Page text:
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An Ofakim Story, A Story Of Hope

This blog post was written by Jordyn Cummings, a Yahel Social Change Fellow living and working in Rishon LeZion


Metal anemone flowers cover the roundabout in the center of Ofakim's Mishor Hagegen

neighborhood, where Hamas attacked and killed 53 residents on October 7th. Yahaloma Zechut, an activist who founded the Community Resilience Center, opened her meeting with my volunteer cohort, acknowledging that these flowers, like Ofakim, are "frozen in time." Yet something is symbolic in the anemones, representing new life after tremendous grief. In their vibrant shades of red, the flowers remained a reminder that life can continue in the most dire times and amid devastation beyond comprehension. The flowers, standing in stillness, represent the act of protest that the choice to remain is — a fitting descriptor for the people of Ofakim.


As our group stood in the center of the roundabout, there was a quiet stillness in the streets of Ofakim enshrouding us. At the same time, Yahaloma continued to tell us of the terror attack she lived through on her 45th birthday, leading her to form her resilience center. She recounted her close brush with death in the middle of a restaurant, a gun jam being the only thing separating herself from an untimely end. A decade later, she would live through a missile hitting a building where she lived, evoking the frozenness and horror she had felt ten years earlier. This second encounter with terror directed her towards creating an organization dedicated to assisting victims almost immediately after their trauma occurs. Naturally, her resilience center has become instrumental to victims of the October 7th events. Yahaloma described to our group in great detail the stories of herself and her neighbors that morning, the vulnerability of being in their homes in pyjamas or engaging in typical daily activities like walking their dogs. She described the confusion the residents of Ofakim experienced as sirens alerted them to flee to bomb shelters; unbeknownst to them, Hamas terrorists had been waiting to shoot them as they ran out into the street.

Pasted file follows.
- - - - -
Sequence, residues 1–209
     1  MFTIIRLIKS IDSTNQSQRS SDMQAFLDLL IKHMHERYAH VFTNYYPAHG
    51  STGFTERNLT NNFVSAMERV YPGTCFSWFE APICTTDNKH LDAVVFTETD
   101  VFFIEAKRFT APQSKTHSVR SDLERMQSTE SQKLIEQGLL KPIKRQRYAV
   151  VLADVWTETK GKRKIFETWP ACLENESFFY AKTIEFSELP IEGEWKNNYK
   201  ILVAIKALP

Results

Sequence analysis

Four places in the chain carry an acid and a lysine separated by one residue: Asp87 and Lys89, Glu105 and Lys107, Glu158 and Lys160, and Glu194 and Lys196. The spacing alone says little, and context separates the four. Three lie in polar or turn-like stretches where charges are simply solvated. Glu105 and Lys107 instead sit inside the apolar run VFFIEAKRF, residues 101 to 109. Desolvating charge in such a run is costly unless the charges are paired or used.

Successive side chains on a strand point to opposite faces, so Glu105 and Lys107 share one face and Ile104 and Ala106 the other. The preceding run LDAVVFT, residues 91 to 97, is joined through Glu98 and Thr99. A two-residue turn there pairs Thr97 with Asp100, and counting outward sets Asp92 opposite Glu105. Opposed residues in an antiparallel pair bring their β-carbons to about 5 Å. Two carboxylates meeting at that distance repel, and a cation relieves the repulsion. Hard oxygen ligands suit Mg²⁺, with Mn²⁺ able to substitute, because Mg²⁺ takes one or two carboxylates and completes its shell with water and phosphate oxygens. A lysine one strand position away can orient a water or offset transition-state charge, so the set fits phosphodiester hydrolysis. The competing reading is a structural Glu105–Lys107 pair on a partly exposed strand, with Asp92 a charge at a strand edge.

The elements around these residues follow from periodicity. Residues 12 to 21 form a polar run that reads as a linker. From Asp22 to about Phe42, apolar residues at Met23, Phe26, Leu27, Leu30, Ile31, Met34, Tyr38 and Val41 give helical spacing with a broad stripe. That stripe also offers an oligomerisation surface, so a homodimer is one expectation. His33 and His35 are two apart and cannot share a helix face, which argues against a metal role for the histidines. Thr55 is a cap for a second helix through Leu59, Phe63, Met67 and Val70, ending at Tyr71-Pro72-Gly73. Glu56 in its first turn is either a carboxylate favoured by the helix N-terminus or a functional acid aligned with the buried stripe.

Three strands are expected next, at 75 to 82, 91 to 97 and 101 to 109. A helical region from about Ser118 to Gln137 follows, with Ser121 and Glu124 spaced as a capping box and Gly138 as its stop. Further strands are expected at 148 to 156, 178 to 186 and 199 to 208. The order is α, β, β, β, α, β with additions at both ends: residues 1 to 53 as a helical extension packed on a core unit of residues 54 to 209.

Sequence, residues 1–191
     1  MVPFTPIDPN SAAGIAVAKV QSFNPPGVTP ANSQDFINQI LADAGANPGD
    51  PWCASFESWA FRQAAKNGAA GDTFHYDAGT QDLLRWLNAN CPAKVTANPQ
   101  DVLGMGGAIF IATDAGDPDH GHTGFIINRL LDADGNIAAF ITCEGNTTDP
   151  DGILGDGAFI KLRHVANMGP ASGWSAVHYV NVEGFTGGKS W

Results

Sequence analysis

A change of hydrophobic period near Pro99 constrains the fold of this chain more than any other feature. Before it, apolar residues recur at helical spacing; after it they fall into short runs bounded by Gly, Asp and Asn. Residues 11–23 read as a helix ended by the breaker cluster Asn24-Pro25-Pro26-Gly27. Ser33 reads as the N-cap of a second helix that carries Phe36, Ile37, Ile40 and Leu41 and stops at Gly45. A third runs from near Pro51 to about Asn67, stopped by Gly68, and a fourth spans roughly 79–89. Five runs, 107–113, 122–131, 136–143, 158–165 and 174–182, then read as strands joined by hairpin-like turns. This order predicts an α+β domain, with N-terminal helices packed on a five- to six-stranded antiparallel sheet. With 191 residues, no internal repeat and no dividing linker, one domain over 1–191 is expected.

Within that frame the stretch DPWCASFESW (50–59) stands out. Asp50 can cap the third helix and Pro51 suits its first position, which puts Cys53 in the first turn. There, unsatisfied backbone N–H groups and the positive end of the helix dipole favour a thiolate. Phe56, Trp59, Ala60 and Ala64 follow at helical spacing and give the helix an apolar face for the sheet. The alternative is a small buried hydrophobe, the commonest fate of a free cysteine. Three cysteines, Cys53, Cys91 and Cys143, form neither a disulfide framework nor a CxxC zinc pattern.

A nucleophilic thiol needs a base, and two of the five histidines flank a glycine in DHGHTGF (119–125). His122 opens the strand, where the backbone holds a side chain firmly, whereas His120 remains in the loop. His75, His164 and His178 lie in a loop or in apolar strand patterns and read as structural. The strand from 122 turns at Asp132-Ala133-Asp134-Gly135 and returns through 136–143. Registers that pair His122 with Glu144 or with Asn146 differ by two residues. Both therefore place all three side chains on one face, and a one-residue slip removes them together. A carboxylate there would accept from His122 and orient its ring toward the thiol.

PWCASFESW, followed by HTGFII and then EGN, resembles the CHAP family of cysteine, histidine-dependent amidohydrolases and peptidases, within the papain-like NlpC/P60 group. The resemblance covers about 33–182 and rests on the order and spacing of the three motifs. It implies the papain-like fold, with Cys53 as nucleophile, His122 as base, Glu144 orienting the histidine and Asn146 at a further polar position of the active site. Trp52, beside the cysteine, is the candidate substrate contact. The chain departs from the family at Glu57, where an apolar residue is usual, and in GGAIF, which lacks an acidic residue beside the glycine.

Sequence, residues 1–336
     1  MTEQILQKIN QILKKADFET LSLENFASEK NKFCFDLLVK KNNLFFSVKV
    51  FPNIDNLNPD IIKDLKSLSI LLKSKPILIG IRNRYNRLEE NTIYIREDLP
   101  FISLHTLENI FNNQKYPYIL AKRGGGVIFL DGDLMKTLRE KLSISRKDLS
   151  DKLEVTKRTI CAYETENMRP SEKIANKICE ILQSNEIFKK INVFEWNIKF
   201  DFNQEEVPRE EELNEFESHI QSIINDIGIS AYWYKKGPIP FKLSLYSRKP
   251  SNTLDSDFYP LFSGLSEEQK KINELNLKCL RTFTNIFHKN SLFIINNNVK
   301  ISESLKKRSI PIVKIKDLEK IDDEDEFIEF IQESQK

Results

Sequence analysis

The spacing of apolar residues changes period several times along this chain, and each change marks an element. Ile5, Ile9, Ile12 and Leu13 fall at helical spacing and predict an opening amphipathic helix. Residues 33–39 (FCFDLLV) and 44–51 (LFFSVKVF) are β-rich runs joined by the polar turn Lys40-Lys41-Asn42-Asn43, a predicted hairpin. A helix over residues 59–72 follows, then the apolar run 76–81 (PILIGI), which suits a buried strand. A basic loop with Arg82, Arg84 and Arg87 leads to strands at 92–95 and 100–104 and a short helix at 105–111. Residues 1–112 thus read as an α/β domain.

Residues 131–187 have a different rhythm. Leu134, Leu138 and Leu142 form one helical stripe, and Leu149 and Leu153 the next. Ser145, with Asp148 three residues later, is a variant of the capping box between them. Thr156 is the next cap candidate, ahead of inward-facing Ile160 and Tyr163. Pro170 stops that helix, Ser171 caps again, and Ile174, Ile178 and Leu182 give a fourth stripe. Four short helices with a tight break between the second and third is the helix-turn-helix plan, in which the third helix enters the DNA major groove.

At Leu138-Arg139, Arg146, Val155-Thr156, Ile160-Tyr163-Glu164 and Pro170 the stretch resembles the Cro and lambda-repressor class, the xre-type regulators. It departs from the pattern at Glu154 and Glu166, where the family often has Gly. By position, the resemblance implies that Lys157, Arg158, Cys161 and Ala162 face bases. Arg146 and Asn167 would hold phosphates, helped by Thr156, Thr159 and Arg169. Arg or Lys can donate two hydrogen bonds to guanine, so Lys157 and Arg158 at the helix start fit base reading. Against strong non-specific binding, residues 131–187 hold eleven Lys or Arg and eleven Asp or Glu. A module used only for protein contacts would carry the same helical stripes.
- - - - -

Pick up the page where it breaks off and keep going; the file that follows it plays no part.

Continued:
While internalizing these heavy stories, we walked quietly to the next place Yahaloma wished to

show us, a mural painted by Arad Levy entitled, in the English translation, "A City of Heroes,"

describing Ofakim exactly. Not only between the off-duty service members who bravely helped

to fight the terrorists on October 7th but in the everyday civilians who remained and have every

day since dedicated themselves to serving the community. As we viewed the mural, an elderly

community member named Shuki approached us and asked if he could share his story and

countenance of events. It was clear that his grief compelled him to approach us; it was not that

Shuki had been entirely alone, but rather, he could not share with the outside world what had

happened to him and his neighbors that day. Although he spoke in Hebrew, which I am not fluent

in, I understood from his eyes, in his gestures, and the repeated usage of the word "yahud,